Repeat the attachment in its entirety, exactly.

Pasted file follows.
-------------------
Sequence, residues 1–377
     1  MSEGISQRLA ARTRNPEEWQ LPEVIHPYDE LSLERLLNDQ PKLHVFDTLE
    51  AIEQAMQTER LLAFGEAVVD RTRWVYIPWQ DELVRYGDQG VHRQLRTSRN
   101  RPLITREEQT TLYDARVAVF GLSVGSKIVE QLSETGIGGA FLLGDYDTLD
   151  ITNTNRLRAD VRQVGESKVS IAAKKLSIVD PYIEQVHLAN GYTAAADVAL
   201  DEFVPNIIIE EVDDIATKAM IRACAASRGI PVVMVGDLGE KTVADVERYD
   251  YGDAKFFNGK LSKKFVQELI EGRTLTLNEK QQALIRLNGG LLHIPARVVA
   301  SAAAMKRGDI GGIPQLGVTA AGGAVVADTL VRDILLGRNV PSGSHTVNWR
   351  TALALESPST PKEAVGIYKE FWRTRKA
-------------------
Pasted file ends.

Sequence, residues 1–377
     1  MSEGISQRLA ARTRNPEEWQ LPEVIHPYDE LSLERLLNDQ PKLHVFDTLE
    51  AIEQAMQTER LLAFGEAVVD RTRWVYIPWQ DELVRYGDQG VHRQLRTSRN
   101  RPLITREEQT TLYDARVAVF GLSVGSKIVE QLSETGIGGA FLLGDYDTLD
   151  ITNTNRLRAD VRQVGESKVS IAAKKLSIVD PYIEQVHLAN GYTAAADVAL
   201  DEFVPNIIIE EVDDIATKAM IRACAASRGI PVVMVGDLGE KTVADVERYD
   251  YGDAKFFNGK LSKKFVQELI EGRTLTLNEK QQALIRLNGG LLHIPARVVA
   301  SAAAMKRGDI GGIPQLGVTA AGGAVVADTL VRDILLGRNV PSGSHTVNWR
   351  TALALESPST PKEAVGIYKE FWRTRKA